How to Get the Freshest Meat and Seafood From Wherever You Shop
It’s no secret that great ingredients are the key to great meals. A truly fresh, flavorful piece of meat or fish requires very little effort on behalf of the cook to become a standout dish. However, for most casual home cooks, it can be hard to determine which meat and seafood is genuinely fresh, and which has been sitting around for days.
Buying directly from a butcher or fishmonger at the farmers’ market or grocery counter is the surest way to find meat and seafood that has just been butchered, caught, or defrosted after transport. When buying meat and seafood, ask the butcher or fishmonger for the newest arrivals to guarantee you’re getting the freshest possible product. It also helps to stay up-to-date on the kinds of seafood typically being harvested nearby at any point in the year, just as you might research which vegetables and fruits are in season before hitting the farmers’ market.
In the case that you aren’t buying directly from a fishmonger or butcher—or aren’t sure if their information is totally reliable—these simple tips will help you secure the freshest possible cut of meat or piece of fish every time.
When it comes to red meats like beef, lamb, and pork, the rule of thumb is: the redder the meat, the better. This is due to the process that the meat goes through as it's exposed to oxygen. Fresher meat is bright red, while meat that’s been exposed to more air has a brown or grey tone. It’s especially important to avoid pre-ground and packaged meat that has developed this grey-brown hue, as that’s a sign that the meat was ground a significant amount of time before purchase.
Meat that has been packaged in a vacuum-sealed bag to extend its shelf life will take on a darker, purple-red color due to the lack of oxygen in the package. In these cases, check for air pockets in the packaging, which is a hint that that meat was likely sealed days before. Another indication is price; if a piece of vacuum-sealed meat seems to have a shockingly low price tag, that’s a good indication that it’s at least a few days old and has been marked down.
All cuts of beef should be a bright, vibrant red with white marbling throughout. Lamb will be similarly bright in color, ranging from a lighter red to a deep maroon depending on the age of the lamb when it was butchered. If either of these meats has begun to go brown, or if the fat has taken on a yellow hue, that’s an indication that the meat isn’t as fresh as possible. Similar rules apply to pork, which will have firm, light pink skin when fresh and will begin to brown and develop yellow fat the longer it’s exposed to air.
When it comes to poultry, it can be harder to determine freshness based on appearance alone. Although turkey and chicken skin’s color can range from light pink to yellowish, all poultry skin should be shiny, smooth, and free of significant discolorations or blemishes when at peak freshness.
If you’re uncertain about the appearance of the meat, rely on another sense: smell. When buying meat from a butcher or farmer’s market, ask to smell the meat before purchasing it. While this might feel awkward, scent is one of the quickest ways to determine if meat is fresh. Use your instinct, and if the meat smells unpleasant or spoiled it’s probably past its prime.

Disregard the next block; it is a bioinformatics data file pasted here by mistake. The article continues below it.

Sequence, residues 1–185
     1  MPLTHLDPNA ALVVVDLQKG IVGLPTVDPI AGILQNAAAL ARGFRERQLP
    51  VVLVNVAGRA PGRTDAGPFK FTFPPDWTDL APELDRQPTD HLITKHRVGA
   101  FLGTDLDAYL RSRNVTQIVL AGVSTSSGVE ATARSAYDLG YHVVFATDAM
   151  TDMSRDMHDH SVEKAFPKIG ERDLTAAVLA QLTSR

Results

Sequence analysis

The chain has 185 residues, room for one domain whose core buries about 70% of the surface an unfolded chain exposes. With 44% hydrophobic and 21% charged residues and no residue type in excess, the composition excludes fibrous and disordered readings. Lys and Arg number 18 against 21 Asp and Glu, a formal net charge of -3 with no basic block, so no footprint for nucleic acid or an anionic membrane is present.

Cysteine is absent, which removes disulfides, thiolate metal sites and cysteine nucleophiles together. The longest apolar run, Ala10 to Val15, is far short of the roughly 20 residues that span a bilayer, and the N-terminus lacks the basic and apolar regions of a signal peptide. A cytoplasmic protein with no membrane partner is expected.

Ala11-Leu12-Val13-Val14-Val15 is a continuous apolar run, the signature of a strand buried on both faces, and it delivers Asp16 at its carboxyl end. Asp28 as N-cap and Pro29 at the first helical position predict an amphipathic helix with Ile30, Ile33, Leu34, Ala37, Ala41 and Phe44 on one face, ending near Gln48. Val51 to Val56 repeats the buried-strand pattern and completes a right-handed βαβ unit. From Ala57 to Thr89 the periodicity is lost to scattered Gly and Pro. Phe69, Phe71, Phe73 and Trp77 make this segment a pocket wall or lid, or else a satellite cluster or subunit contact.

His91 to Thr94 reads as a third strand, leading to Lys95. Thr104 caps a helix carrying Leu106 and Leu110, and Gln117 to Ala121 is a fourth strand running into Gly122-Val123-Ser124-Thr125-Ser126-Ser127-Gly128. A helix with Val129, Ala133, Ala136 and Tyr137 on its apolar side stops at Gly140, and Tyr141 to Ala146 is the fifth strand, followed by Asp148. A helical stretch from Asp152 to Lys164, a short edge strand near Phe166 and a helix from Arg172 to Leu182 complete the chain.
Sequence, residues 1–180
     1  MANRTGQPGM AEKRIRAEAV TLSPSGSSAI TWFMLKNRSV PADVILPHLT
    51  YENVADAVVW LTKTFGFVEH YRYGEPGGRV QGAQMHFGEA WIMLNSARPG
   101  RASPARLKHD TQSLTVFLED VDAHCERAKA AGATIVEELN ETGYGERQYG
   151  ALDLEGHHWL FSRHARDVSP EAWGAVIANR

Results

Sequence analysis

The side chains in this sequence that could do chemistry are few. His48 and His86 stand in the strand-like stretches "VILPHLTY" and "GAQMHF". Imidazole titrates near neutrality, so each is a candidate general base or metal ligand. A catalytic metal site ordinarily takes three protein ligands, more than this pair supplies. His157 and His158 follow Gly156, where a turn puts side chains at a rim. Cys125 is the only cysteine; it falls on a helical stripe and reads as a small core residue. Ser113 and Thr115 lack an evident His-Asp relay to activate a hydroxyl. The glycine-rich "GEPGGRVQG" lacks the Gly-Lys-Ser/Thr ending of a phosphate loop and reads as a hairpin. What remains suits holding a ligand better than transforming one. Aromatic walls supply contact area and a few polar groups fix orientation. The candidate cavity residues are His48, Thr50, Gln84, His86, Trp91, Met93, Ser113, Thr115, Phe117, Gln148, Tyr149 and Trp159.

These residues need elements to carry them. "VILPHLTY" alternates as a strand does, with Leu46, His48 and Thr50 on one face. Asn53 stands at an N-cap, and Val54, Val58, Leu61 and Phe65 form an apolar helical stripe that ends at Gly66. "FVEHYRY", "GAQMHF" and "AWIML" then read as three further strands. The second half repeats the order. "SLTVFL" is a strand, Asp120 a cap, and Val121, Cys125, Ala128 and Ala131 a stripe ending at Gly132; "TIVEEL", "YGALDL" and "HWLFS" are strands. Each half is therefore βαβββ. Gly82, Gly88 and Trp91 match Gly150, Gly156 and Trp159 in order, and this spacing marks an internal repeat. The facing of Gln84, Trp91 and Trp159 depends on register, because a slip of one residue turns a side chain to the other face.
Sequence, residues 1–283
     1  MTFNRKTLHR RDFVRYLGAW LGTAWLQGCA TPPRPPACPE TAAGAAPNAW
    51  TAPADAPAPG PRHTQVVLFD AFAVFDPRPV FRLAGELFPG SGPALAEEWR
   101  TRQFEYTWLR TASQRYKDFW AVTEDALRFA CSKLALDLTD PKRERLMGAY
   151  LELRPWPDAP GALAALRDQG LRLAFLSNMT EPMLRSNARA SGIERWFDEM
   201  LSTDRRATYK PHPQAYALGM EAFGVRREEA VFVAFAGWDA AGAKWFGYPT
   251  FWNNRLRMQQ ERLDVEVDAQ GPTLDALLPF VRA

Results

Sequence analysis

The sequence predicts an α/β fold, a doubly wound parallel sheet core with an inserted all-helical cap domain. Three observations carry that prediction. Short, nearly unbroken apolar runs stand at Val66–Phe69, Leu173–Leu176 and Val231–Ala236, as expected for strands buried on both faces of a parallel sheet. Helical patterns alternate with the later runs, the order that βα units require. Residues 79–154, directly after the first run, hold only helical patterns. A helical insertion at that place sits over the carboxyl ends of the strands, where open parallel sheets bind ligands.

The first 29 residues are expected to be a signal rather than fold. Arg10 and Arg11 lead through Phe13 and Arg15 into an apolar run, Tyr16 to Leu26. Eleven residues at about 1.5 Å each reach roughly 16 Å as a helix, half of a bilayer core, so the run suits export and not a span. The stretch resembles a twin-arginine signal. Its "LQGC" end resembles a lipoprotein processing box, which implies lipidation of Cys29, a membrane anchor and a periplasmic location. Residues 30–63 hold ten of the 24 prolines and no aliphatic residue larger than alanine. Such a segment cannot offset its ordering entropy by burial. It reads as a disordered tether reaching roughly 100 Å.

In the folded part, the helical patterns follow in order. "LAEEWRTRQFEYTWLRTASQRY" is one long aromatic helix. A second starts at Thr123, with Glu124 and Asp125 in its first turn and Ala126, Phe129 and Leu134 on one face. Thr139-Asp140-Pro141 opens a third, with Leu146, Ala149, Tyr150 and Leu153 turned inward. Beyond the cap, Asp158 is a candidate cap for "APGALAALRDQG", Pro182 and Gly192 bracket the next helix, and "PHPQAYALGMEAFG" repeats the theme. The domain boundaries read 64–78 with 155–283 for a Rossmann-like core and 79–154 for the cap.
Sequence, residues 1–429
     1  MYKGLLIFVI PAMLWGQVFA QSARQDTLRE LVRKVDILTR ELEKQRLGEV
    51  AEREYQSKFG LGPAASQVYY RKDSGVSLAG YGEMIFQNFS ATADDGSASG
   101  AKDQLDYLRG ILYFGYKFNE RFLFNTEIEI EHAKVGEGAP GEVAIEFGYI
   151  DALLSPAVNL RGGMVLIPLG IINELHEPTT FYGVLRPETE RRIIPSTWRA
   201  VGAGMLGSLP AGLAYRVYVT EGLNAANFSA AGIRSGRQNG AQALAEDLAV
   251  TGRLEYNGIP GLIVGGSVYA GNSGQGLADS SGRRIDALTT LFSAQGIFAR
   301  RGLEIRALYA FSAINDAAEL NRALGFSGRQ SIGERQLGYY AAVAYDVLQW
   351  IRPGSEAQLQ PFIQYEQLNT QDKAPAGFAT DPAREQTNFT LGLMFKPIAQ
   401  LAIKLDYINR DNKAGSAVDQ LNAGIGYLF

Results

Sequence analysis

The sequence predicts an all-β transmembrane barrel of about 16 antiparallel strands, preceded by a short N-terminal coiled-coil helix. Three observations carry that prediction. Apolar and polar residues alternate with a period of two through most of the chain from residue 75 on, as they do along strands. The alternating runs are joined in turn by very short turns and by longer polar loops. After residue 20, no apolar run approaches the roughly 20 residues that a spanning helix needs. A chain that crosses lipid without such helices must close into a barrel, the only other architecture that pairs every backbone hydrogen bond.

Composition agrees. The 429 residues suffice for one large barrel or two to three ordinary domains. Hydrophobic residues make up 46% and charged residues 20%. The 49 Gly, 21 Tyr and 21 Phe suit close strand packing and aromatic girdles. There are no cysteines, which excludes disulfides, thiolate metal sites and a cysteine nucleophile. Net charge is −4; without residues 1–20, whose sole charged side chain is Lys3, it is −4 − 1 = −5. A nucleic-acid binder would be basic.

Proximity to a large body of water will obviously factor into the level of freshness you'll be able to reasonably expect from your seafood. While people living in coastal areas in close proximity to fishing zones will have more exposure to the freshest seafood possible, that doesn’t mean that landlocked cooks can’t also find fresh and healthy fish and shellfish.
When purchasing any form of fish, you should always keep an eye out for bright red blood lines and shiny, firm flesh. Blood that has begun to brown and skin that looks sunken or dull are both indications that the fish has been exposed to oxygen for a longer period of time.
If you’re not one of those lucky coastal dwellers, the majority of the seafood you purchase will be flash-frozen in order to maintain its flavor and texture during transport. While this freezing process won’t have a substantial effect on your fish, you will want to purchase it as soon as possible after your fishmonger or grocer thaws the seafood. When purchasing filets, look for firm and brightly colored flesh; any noticeable discoloration or fading likely means its been sitting for a few days.
Whole fish should have shiny, firm skin and red gills. If the skin no longer feels pliable when poked, or if the fish eyes are sunken in or have a hazy color, then it's best to avoid that fish. Also keep an eye out for skin that appears to be breaking apart, which indicates that the fish that has begun to decompose on a cellular level. Frozen whole fish should also be opaque in color; if the skin appears somewhat translucent, that likely means it was treated with a chemical preservative to keep it looking fresher longer.
Shrimp should appear firm, vibrant, and shiny; discolored spots will indicate that the shrimp hasn’t been freshly defrosted. The tell-tale sign of freshness for hard-shelled shellfish, like oysters, mussels, and clams is the tightness of the shells. When tapped or rapped on the counter, each of these kinds of shellfish should close up tight. Any mollusk that doesn’t close its shell when tapped is likely dead and should be disposed of, as consuming it could be dangerous to your health.
If you’re uncertain about the appearance, let your nose do the judging. While fish caught from lakes and streams should have a super fresh, barely noticeable scent, ocean-caught fish should have a light, briny scent. Shellfish, like mussels, clams, shrimp, and crab should also have a fresh, mild scent that hardly smells like anything at all. In general, avoid buying fish and shellfish that have a noticeably pungent fishy scent or an ammonia-like scent, as that’s a sign of age or rot.